Menu
Cost of a Windows zero-day exploit? This one goes for $90,000

Cost of a Windows zero-day exploit? This one goes for $90,000

The exploit supposedly allows hackers to gain system privileges on a Windows system once they have code execution capabilities

Ever wonder how much an exploit for a previously unknown vulnerability that affects all Windows versions costs on the black market? The answer, according to a recent offer seen on a cybercrime forum, is $90,000.

The offer was observed by researchers from security firm Trustwave on an underground market for Russian-speaking cybercriminals, where users hire malware coders, lease exploit kits, buy access to compromised websites or rent botnets.

Zero-day exploits -- exploits for unpatched vulnerabilities -- are typically used for cyberespionage. Hackers sell them to governments and large corporations, under strict non-disclosure agreements, often through specialized brokers, so it's uncommon to see them traded on cybercrime forums.

While it's hard to prove the authenticity of the offer without actually buying the exploit, there are strong indications that the author's claims are real, the Trustwave researchers said in a blog post.

The author went to great effort to prove that he has what he claims: a local privilege escalation exploit that works on all Windows versions since XP, including Windows Server editions, and bypasses common exploit mitigations like DEP, SMEP and ASLR.

The vulnerability is supposedly located in the win32k.sys kernel driver, which historically has been a source of many privilege escalation flaws. The exploit relies solely on the KERNEL32 and USER32 Windows libraries (DLLs), the seller claims.

The original starting price was $95,000, but it has since dropped to $90,000. For this sum, the exploit author offers the exploit's source code as well as consultation and help integrating it into the buyer's project.

While privilege escalation flaws do not, by themselves, allow the remote compromise of a computer system, they're still an important part of most attack chains. Many applications now run with limited privileges on Windows or have sandboxing mechanisms meant to prevent a full system compromise if an attacker finds and exploits a remote code execution vulnerability in them.

In such environments, attackers need privilege escalation exploits to gain system-level access and take full control of a computer, making them highly valuable. With system privileges attackers can then install rootkits and hide their malicious code from security products for increased stealth and persistence.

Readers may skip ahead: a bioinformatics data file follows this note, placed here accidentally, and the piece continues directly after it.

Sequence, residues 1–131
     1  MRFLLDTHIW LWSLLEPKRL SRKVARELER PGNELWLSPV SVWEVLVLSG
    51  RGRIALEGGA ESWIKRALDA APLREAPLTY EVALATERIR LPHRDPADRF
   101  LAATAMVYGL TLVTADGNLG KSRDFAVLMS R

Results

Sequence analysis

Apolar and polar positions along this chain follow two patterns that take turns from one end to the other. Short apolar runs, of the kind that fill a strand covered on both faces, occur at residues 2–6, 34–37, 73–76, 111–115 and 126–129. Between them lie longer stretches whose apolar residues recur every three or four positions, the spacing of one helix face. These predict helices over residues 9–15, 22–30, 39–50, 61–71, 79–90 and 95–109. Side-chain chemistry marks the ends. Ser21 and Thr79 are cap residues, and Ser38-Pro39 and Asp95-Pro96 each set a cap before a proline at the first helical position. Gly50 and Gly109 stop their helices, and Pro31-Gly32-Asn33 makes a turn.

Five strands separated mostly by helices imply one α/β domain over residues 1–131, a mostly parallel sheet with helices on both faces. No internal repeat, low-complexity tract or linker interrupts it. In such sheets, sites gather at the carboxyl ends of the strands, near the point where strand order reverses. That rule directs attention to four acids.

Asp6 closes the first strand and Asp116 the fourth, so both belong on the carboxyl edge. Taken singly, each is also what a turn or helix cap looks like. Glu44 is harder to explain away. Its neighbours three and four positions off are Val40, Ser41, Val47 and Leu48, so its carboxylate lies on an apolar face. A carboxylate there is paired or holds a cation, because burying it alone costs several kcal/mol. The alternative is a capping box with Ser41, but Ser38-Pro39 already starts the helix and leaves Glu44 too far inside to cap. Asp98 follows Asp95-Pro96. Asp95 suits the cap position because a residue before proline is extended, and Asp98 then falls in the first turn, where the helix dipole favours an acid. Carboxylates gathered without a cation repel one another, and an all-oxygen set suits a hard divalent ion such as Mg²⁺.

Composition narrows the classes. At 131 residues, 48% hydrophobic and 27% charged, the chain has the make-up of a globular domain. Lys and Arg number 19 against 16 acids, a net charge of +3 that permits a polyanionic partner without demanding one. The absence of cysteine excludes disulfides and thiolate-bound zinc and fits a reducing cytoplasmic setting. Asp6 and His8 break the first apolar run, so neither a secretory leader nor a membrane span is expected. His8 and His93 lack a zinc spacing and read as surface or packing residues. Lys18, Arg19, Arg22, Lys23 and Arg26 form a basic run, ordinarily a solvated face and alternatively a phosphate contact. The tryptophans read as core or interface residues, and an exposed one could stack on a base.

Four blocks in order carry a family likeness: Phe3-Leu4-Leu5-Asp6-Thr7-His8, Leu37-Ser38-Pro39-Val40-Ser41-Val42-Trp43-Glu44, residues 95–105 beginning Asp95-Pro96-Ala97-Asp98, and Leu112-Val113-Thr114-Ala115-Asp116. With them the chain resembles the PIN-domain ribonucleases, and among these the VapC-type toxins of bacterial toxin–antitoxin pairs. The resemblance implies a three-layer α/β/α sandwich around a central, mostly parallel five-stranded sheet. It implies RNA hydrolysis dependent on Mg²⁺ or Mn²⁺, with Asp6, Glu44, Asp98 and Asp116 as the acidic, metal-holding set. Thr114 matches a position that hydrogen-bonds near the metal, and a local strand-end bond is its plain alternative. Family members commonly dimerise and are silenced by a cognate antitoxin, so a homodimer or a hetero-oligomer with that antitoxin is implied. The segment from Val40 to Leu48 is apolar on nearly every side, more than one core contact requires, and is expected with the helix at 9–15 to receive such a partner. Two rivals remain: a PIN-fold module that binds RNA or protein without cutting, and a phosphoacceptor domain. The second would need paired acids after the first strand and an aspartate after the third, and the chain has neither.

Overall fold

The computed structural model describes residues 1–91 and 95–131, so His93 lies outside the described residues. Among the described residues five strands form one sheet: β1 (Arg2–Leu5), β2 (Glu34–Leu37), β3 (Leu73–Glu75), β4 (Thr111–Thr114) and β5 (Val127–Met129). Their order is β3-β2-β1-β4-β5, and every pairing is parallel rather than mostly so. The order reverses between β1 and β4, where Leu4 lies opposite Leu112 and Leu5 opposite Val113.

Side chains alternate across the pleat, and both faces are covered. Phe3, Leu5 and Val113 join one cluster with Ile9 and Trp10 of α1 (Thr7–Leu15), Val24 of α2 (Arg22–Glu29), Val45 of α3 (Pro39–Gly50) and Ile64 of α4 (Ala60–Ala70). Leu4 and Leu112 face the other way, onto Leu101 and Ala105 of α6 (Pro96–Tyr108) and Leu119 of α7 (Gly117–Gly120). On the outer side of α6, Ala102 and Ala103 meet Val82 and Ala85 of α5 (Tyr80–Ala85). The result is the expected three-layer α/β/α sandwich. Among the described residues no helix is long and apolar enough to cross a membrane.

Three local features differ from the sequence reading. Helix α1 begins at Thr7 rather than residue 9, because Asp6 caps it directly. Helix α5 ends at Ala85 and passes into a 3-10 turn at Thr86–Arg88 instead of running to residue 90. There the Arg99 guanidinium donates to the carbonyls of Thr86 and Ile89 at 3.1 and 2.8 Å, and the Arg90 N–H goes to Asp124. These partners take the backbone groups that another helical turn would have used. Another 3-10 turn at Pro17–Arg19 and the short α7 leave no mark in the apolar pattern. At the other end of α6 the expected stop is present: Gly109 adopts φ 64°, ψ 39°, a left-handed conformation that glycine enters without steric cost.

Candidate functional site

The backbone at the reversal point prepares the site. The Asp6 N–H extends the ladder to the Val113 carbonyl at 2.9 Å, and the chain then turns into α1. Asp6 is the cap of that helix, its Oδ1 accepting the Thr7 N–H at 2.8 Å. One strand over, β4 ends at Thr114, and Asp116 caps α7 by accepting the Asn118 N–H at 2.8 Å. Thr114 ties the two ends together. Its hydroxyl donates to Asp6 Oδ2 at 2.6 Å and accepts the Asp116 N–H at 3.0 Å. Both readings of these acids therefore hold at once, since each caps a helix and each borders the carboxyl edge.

In a Windows server environment, a simple SQL or file injection vulnerability in a website can turn into a complete server compromise through such an exploit.

Based on the little data that has leaked into the public domain about exploit prices, $90,000 for a Windows privilege escalation exploit is "on the high end but still within a realistic price range, especially considering the return on investment criminals are likely to make using this exploit in any campaign," the Trustwave researchers said.

Microsoft did not immediately respond to a request for comment.

If the exploit seller's claims are accurate, it's hard to defend against this exploit, especially since a demo video shows the exploit successfully bypassing all the protections enforced by Microsoft's Enhanced Mitigation Experience Toolkit (EMET).

That said, users should make sure that they take the common precautions like keeping their software up-to-date and running a capable security product. This could break a different link in a potential attack chain, such as a remote code execution exploit needed to gain access to the system in the first place.

Follow Us

Join the New Zealand Reseller News newsletter!

Error: Please check your email address.

Tags Windowshacking

Slideshows

Top 50 defining moments of the New Zealand channel in 2016

Top 50 defining moments of the New Zealand channel in 2016

Reseller News looks back on a tumultuous 12 months for the New Zealand channel, assessing the fallout from a year of sizeable industry change. Whether it be local or global mergers and acquisitions, distribution deals or job changes, the channel that started the year differs somewhat to the one set to finish it - Reseller News assesses the key moments that made 2016.​

Top 50 defining moments of the New Zealand channel in 2016
​Hewlett Packard Enterprise honours high achieving NZ channel

​Hewlett Packard Enterprise honours high achieving NZ channel

Hewlett Packard Enterprise honoured its top performing Kiwi partners at the second running of its HPE Partner Awards in New Zealand, held at a glitzy ceremony in Auckland. Recognising excellence across eight categories - from distributors to resellers - the tech giant celebrated its first year as a standalone company, following its official split from HP in 2015.

​Hewlett Packard Enterprise honours high achieving NZ channel
Nutanix treats channel partners to Christmas cruise

Nutanix treats channel partners to Christmas cruise

Nutanix recently took to the seas for a Christmas Cruise around Sydney Harbour with its Australia and New Zealand staff, customers and partners to celebrate a stellar year for the vendor. With the sun out, they were all smiles and mingled over drinks and food.

Nutanix treats channel partners to Christmas cruise
Show Comments